There’s something to be said for those who ascend mountains for fun: gutsy. Those who do it to take a picture with a Kitchell logo’d banner: smart and gutsy.

Paul and Wilson mountaintop.jpg

Bearing the Kitchell name (literally and figuratively), KCI Senior Project Engineer Wilson Leech and Project Manager Paul Jackson recently conquered the highest peak in Southern California, Mt. San Gorgonio. During their one-day hike they gained more than 11,000 feet and traversed 17-plus miles of steeply dipping thrust faults (if you don’t know what that means, ask them).

Paul sleeping mountaintop.jpg

“It was a tough hike, but the views from the top and exhausted satisfaction at the end made it all worth it,” said Paul.

Wilson explained the mountain as a massive block of quartz monzonite, which sits atop an ancient platform of Precambrian gneissic rocks, providing spectacular views.

Wilson Leech mountaintop.jpg

Wilson and Paul are working on a project together at SDSU (and are also apparently novice geologists), and collaborated on the following quote to commemorate their achievement, adapted from Thomas W. Higginson:

“Great men Kitchell Employee-Owners are rarely isolated mountain peaks; they are summits of ranges.”

Indeed we are.

#KitchellGivesBack in a big way

Sam Kitchell was a man who believed doing good reaps rewards. During his lifetime he and his wife Betty gave time and money to dozens of nonprofits, ranging from the Desert Botanical Garden to the Arizona Kidney Foundation. He was a man of incredible energy and kindness. And in the name of the community spirit he espoused, Kitchell employees recently volunteered for a total of 27 community service projects throughout Arizona, California, Texas and Washington, representing more than 1,000 hours.

Kitchell’s inaugural Founder’s Day was Sept. 11, marking the day of Sam’s passing in 2006 and National Day of Service and Remembrance. In Sam’s name, teams of Kitchell employees (wearing an iconic Sam Kitchell insignia) hit the streets with their tools, time and energy and tackled efforts ranging from vegetable harvesting for food banks to school maintenance projects. Community projects took place starting Sept. 5 with the San Diego Food Bank and ending with a project 10 days later, painting rocks to spread joy on behalf of the American Foundation for Suicide Prevention in Sacramento on Sept. 15. Some employees took time away from work, and others dedicated time on weekends.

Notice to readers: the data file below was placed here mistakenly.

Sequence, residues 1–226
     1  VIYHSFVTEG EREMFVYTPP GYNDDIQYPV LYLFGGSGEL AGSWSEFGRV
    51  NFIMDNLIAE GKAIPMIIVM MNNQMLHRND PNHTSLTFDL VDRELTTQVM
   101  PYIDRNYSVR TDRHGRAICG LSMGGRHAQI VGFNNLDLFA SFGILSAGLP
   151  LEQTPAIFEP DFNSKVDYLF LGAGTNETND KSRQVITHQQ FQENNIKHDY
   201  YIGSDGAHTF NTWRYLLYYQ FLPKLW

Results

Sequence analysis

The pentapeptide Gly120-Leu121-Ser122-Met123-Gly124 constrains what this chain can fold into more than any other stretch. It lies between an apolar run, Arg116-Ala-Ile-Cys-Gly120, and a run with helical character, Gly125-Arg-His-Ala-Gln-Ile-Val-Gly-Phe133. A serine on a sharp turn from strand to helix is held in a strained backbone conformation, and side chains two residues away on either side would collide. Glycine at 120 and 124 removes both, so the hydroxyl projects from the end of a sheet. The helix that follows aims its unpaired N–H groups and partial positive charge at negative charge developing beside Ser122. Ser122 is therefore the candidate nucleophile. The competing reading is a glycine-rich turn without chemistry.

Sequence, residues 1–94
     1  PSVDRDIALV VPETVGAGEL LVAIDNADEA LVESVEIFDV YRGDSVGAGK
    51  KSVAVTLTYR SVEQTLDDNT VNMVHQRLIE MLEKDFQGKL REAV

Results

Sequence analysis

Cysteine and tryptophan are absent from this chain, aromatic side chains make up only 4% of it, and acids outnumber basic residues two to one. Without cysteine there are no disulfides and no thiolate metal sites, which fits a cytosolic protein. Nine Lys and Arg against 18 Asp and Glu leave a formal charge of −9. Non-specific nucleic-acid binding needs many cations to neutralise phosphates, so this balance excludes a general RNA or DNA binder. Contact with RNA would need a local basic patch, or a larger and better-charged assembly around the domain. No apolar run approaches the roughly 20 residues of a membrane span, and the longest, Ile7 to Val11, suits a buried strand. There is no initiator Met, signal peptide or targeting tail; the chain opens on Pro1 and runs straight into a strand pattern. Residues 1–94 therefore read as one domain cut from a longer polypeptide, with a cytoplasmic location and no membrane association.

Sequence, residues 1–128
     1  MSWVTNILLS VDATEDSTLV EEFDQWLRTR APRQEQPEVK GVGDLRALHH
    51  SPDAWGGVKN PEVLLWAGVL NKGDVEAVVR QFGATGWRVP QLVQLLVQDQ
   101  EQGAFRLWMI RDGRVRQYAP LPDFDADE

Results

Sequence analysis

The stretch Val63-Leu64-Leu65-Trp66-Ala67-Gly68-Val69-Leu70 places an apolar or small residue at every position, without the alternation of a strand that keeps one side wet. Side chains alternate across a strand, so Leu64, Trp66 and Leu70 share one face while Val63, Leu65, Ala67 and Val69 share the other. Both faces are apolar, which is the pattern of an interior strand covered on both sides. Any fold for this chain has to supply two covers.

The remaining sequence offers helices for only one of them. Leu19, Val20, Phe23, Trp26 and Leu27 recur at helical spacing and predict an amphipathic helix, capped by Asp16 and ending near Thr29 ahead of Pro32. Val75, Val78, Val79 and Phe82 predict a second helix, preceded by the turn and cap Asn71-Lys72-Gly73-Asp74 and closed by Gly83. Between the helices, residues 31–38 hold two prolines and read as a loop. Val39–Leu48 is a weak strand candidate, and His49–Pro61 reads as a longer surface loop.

Participation was not mandatory, but the all-volunteer effort resulted in 260 volunteers and 1,012 recorded hours. Kitchell donated $25 for every hour employees volunteered up to four hours per person. The total contributions over the 10 days were $17,150 for charitable organizations in Arizona, California, Texas and Washington. The organizations we supported throughout the campaign include:

UCI Anti-Cancer Challenge

San Diego Food Bank

Big Brothers Big Sisters of Central California

Ronald McDonald House Charities of Northern California

Ranger Road Freedom Jump

Santa Barbara Food Bank

Honor Health Desert Mission Food Bank

Bright Beginnings Preschool

Assistance League of Phoenix Operation School Bell

Feed My Starving Children

UMOM New Day Shelter

Community First! Village Mobile Loaves & Fishes

Habitat for Humanity of Greater Sacramento ReStore

Anaheim Cove Park Clean-Up

Rebuilding Together Houston

Eloise’s Cooking Pot Food Bank

Green Apple Day of Service at Chula Vista High School

MiraCosta College

Ben’s Bells

St. Mary’s Food Bank

Community Food Bank of Southern Arizona

Sacramento Food Bank

San Luis Obispo Food Bank Coalition

Operation Care & Comfort

Folsom Cordova USD Adult Education Program

American Foundation for Suicide Prevention of Greater Sacramento